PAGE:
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making those public in the coming days, once we can work out the details. >> woodruff: that patient in dallas, thomas duncan of liberia, remained in critical condition. but hospital officials reported his liver function is improving. >> ifill: fear of ebola spread in spain today, after a nursing assistant became the first person infected outside west africa. we have a report from neil connery of independent television news, who's in madrid tonight. >> reporter: this is the hospital in madrid where a patient with ebola was being treated, but one of the nurses somehow became infected here. and now that nurse, theresa romero, is being held in isolation in the very same hospital. her husband is also in quarantine. one other person is undergoing tests. outside, some of the hospital's own staff have been demonstrating today, calling for more information about what went wrong. >> ( translated ): it has been
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really surprising this happened here with all of the security measures. >> ( translated ): they have not provided convincing information for us. i think they should provide more about what happened and what was the failure. >> reporter: hospital staff have told the newspaper here that their protective suits were not up to the standards set by the world health organization. they wore latex gloves sealed with duct tape and simple surgical masks when staff say they should have worn full breathing apparatus. the director of public health in spain said the nurse who contracted the virus entered the room of an ebola victim twice, once while he was alive and a second time to collect materials after he died. theresa romero is 40 years old and was transported between hospitals last night. although she's not thought to have left madrid recently. officials are so far monitoring more than 20 people who came into contact with her. the world health organization has said while governments are well prepared, the spread of
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ebola in europe is, in their words, quite unavoidable. >> ifill: the case in spain also claimed another victim: a madrid court ordered that the infected nurse's dog must be euthanized, and the remains incinerated. some research indicates dogs can be infected with ebola without showing symptoms, but it's unclear if they can transmit it to humans. on wall street, worries about the world economy growth sent stocks into a deep dive. the sell-off started after germany reported weaker industrial output, and the international monetary fund shaved its growth forecast. the dow jones industrial average lost 272 points to close at 16,719. the nasdaq fell 60 points to close at 4,385. and the s-and-p 500 dropped 29, to finish at 1,935. >> woodruff: a federal appeals court threw out gay marriage bans in idaho and nevada today. it came a day after the u.s. supreme court effectively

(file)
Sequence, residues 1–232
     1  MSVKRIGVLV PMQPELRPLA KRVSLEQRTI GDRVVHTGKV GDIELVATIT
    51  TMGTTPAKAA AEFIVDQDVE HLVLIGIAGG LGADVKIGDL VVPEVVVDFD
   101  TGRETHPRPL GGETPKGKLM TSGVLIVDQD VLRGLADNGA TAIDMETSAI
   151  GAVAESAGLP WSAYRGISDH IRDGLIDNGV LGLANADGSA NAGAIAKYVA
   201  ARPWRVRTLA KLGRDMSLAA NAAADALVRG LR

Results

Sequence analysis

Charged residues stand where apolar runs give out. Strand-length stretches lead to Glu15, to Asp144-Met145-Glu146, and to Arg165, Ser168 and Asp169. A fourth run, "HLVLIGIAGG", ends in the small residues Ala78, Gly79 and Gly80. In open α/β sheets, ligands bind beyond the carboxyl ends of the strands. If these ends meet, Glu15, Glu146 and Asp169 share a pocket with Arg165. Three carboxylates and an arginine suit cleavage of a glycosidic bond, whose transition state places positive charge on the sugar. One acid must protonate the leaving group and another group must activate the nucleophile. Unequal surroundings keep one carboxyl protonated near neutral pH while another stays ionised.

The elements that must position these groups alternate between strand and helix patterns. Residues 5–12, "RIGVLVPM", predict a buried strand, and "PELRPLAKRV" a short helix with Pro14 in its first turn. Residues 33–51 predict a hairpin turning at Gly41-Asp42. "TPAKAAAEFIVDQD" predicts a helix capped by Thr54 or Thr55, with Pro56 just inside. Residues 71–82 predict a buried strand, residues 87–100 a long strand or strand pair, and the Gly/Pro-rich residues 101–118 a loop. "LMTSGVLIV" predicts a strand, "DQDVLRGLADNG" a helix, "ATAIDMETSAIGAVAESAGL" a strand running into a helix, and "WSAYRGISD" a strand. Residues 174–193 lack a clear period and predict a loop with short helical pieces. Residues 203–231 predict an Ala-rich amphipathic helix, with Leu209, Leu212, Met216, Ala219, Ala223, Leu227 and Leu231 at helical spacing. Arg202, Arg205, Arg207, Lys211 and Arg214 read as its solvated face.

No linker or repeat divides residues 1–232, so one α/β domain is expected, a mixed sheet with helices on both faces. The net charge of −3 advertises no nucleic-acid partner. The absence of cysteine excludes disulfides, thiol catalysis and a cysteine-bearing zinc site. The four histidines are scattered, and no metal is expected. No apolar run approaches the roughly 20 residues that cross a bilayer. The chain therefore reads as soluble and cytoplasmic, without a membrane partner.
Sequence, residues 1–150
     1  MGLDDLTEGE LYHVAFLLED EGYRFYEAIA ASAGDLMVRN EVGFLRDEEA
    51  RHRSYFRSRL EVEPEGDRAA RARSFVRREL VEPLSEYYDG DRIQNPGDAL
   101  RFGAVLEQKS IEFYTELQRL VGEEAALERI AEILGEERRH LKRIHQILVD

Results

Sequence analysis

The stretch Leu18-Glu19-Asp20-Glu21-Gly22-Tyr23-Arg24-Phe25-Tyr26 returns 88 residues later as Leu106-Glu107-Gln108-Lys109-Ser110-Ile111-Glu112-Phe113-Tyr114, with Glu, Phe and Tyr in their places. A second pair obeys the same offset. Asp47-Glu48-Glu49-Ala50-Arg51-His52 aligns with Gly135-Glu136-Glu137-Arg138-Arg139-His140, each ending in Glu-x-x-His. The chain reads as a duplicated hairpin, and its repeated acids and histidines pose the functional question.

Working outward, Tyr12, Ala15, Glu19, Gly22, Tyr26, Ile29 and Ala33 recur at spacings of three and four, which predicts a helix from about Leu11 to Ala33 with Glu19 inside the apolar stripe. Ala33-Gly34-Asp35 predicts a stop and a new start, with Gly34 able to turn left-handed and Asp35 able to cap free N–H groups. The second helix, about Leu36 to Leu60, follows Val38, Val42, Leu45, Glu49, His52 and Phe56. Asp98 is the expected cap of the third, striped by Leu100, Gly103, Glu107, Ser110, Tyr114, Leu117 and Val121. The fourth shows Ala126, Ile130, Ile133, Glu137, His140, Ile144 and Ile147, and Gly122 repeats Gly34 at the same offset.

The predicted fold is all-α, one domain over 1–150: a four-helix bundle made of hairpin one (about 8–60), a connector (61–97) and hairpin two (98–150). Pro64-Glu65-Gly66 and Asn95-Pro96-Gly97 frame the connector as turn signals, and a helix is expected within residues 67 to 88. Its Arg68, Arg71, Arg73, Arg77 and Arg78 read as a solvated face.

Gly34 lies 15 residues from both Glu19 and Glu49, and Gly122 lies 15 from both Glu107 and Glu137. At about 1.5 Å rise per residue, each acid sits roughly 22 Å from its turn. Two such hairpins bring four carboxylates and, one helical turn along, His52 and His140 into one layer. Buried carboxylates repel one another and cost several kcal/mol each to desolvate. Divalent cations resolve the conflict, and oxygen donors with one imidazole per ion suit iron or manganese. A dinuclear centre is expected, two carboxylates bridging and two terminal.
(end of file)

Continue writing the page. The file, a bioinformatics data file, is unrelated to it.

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legalized same-sex unions in 11 other states. all told, the practice will now be legal in 32 states. >> ifill: another federal appeals court has struck down part of the congressional map in virginia. a panel of three judges agreed that republicans created a black-majority district for purposes of "racial gerrymandering." the ruling does not affect next month's election, but state lawmakers will have to re-draw the lines next year. >> woodruff: and former treasury secretary timothy geithner appeared in federal court in washington to defend the bailout of a.i.g. the government gave the insurance giant an $85 billion loan in 2008. geithner testified today it was necessary to save the financial system. a lawsuit by a.i.g.'s former top executive charges the deal cheated shareholders. >> woodruff: still to come on the newshour: women and children in the grips of islamic state militants; do muslim inmates have the right
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to grow beards in u.s. prisons? a nobel prize in physics for improving the light bulb; how voice-controlled phones distract drivers; a portrait best viewed from the sky; and, senator kirsten gillibrand's call for more women to get involved in public life. >> ifill: we return now to the islamic state group, and its brutal tactics. much is known now about the group, also known as isil, and its high profile beheadings of westerners, mass executions of civilians and forced conversions. less well known is the extremist group's horrific treatment of women and girls. last week the united nations reported thousands of women had been abducted by the group- some handed over to fighters as a reward, or sold as sex slaves. the newshour sent a crew to meet a 15-year-old girl, a member of the yazidi sect, who was captured and held by the islamic